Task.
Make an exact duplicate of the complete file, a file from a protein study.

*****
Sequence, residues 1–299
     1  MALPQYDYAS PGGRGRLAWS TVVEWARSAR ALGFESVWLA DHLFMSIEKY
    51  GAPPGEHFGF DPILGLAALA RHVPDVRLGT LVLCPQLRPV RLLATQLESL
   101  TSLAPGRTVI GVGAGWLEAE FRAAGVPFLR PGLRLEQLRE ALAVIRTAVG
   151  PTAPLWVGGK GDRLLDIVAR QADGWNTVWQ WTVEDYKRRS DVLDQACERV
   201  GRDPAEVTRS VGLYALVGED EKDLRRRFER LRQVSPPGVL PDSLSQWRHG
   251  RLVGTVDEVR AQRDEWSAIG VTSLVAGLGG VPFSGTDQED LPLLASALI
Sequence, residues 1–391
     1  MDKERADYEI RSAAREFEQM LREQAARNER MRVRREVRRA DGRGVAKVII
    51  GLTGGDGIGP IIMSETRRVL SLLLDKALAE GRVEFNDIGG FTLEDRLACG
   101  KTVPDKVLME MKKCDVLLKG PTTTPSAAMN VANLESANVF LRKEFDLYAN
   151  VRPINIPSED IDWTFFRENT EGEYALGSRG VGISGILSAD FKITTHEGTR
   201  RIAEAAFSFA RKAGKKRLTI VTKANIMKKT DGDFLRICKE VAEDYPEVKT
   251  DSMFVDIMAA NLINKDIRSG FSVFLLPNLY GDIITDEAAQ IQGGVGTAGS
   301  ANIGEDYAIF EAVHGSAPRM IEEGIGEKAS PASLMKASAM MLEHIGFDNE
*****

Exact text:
Sequence, residues 1–299
     1  MALPQYDYAS PGGRGRLAWS TVVEWARSAR ALGFESVWLA DHLFMSIEKY
    51  GAPPGEHFGF DPILGLAALA RHVPDVRLGT LVLCPQLRPV RLLATQLESL
   101  TSLAPGRTVI GVGAGWLEAE FRAAGVPFLR PGLRLEQLRE ALAVIRTAVG
   151  PTAPLWVGGK GDRLLDIVAR QADGWNTVWQ WTVEDYKRRS DVLDQACERV
   201  GRDPAEVTRS VGLYALVGED EKDLRRRFER LRQVSPPGVL PDSLSQWRHG
   251  RLVGTVDEVR AQRDEWSAIG VTSLVAGLGG VPFSGTDQED LPLLASALI
Sequence, residues 1–391
     1  MDKERADYEI RSAAREFEQM LREQAARNER MRVRREVRRA DGRGVAKVII
    51  GLTGGDGIGP IIMSETRRVL SLLLDKALAE GRVEFNDIGG FTLEDRLACG
   101  KTVPDKVLME MKKCDVLLKG PTTTPSAAMN VANLESANVF LRKEFDLYAN
   151  VRPINIPSED IDWTFFRENT EGEYALGSRG VGISGILSAD FKITTHEGTR
   201  RIAEAAFSFA RKAGKKRLTI VTKANIMKKT DGDFLRICKE VAEDYPEVKT
   251  DSMFVDIMAA NLINKDIRSG FSVFLLPNLY GDIITDEAAQ IQGGVGTAGS
   301  ANIGEDYAIF EAVHGSAPRM IEEGIGEKAS PASLMKASAM MLEHIGFDNE